African Union urges action on South Sudan after ceasefire breakdown
The African Union (AU) has called for action regarding the situation in South Sudan, where a recent ceasefire agreement between feuding parties collapsed soon after it was reached.
AU Chief Moussa Faki Mahamat called on African leaders at a gathering in Nouakchott, the capital of Mauritania, on Saturday to take measures against South Sudan’s President Salva Kiir and rebel leader and former vice president Riek Machar — who lead the two sides of the conflict in the country.
In the Sudanese capital, Khartoum, on Wednesday, Kiir and Machar signed an agreement on a “permanent” ceasefire to take effect within 72 hours.
“The situation in South Sudan is serious. The humanitarian and security situation is increasingly difficult. The last few days we’ve had some good news, which I unfortunately now have to question,” Mahamat said.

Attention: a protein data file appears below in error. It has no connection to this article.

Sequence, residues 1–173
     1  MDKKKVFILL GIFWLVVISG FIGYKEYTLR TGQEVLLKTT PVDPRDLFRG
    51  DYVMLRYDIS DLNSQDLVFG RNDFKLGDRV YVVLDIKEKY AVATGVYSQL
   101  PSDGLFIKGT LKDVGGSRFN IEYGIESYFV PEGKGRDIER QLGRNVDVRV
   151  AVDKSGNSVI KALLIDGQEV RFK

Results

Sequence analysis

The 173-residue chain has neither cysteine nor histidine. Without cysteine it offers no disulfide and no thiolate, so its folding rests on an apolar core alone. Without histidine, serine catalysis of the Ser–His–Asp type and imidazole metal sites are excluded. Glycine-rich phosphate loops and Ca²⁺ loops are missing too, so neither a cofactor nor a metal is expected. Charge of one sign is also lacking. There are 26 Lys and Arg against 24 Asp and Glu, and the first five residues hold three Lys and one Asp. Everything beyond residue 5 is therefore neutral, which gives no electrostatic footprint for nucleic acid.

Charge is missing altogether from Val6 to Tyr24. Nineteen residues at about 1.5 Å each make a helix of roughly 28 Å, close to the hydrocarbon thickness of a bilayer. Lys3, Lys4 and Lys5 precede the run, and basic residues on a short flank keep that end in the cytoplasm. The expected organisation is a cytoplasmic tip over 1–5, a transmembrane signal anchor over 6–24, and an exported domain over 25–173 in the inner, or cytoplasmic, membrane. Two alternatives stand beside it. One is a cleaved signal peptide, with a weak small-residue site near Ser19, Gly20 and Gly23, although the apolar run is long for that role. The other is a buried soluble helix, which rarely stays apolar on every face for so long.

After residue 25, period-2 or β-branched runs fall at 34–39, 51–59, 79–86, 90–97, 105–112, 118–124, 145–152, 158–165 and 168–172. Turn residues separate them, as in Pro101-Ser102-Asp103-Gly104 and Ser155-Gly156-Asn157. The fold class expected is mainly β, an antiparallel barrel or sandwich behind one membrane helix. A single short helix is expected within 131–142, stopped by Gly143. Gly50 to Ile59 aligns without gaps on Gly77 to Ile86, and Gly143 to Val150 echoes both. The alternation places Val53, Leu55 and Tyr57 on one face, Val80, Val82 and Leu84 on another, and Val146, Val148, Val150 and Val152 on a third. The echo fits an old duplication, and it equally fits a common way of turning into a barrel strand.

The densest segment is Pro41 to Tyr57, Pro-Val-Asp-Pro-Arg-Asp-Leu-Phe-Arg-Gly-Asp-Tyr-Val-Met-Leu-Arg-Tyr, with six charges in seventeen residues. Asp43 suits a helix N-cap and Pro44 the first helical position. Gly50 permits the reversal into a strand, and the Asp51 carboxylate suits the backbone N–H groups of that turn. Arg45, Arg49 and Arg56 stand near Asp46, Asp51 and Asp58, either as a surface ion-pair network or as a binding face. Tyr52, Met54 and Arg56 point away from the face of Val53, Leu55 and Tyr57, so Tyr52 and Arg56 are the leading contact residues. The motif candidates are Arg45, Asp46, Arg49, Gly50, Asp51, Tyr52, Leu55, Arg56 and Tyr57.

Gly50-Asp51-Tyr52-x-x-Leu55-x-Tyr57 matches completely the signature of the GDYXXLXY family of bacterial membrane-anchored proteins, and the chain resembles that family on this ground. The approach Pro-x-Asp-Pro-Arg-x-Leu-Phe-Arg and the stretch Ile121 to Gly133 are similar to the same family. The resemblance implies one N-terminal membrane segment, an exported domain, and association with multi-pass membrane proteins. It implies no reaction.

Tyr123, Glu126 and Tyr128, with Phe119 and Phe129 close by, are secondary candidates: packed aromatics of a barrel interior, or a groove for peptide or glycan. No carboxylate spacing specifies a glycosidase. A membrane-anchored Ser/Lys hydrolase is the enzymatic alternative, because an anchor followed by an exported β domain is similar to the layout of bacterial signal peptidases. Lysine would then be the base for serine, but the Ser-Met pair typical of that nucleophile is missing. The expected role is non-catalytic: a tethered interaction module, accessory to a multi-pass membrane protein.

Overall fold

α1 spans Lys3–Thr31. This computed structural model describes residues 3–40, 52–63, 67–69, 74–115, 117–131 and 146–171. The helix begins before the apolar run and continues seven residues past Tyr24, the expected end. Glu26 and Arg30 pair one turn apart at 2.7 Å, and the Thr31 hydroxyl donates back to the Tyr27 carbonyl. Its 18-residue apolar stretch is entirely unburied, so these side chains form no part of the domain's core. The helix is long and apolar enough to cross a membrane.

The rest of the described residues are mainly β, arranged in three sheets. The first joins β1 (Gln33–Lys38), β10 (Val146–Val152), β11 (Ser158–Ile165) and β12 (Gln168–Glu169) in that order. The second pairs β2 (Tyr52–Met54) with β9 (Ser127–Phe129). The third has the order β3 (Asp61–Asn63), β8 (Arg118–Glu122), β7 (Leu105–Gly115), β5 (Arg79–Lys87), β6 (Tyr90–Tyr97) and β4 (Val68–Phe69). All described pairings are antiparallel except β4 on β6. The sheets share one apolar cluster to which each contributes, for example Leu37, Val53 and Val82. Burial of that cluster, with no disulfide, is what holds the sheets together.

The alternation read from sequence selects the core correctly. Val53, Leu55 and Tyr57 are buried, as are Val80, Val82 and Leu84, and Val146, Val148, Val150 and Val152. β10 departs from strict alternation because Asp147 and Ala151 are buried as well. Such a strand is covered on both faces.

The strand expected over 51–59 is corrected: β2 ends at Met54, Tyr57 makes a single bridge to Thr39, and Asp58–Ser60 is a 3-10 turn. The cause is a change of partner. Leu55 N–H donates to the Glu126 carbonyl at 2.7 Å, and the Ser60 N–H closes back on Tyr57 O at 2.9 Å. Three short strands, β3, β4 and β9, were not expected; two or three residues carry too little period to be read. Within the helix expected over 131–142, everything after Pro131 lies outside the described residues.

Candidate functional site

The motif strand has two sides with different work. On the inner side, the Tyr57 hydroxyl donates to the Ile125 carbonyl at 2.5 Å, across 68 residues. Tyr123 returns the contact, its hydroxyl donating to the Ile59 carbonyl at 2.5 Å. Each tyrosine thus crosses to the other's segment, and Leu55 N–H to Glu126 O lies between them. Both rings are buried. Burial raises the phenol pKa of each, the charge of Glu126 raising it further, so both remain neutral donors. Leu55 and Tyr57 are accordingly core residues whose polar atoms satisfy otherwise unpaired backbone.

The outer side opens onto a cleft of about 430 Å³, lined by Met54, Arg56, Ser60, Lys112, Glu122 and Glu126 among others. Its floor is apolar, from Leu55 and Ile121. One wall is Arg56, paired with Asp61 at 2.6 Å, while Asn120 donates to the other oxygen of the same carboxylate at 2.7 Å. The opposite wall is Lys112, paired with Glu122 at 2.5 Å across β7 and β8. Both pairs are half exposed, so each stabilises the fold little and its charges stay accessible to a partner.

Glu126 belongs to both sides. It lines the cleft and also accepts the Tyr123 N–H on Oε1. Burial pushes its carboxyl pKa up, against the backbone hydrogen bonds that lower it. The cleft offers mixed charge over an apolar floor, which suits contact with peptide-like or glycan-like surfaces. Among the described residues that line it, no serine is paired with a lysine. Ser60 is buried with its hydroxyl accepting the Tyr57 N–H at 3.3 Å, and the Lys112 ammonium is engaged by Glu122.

“We are used to them not respecting their commitments,” he said, referring to Kiir and Machar. “[The] situation is intolerable… It is time to act, to accept our responsibility.”
He said action could include possible sanctions.
“We have to send a clear message to the players to respect their commitments,” he said.
The ceasefire raised hopes for an end to the five-year-old civil war that engulfed the world’s youngest country only two years after its independence from Sudan in July 2011.
The government forces and rebels, however, launched attacks on each other’s positions on Saturday, just hours after the ceasefire went into effect.
The rebels claimed that the army attacked their positions in the northwestern village of Mboro near the border with Sudan. The attacks were “provocative aggression aimed at derailing the peace process,” said rebel spokesman Lam Paul Gabriel.
Rebels led by Machar have said they “reserve the right to self defense,” according to Gabriel.
The government, on the other hand, said the rebels launched coordinated attacks on the army positions in four states, to gain more territory before the permanent ceasefire.
Several former peace agreements have similarly broken down, and the war has uprooted nearly four million people and killed tens of thousands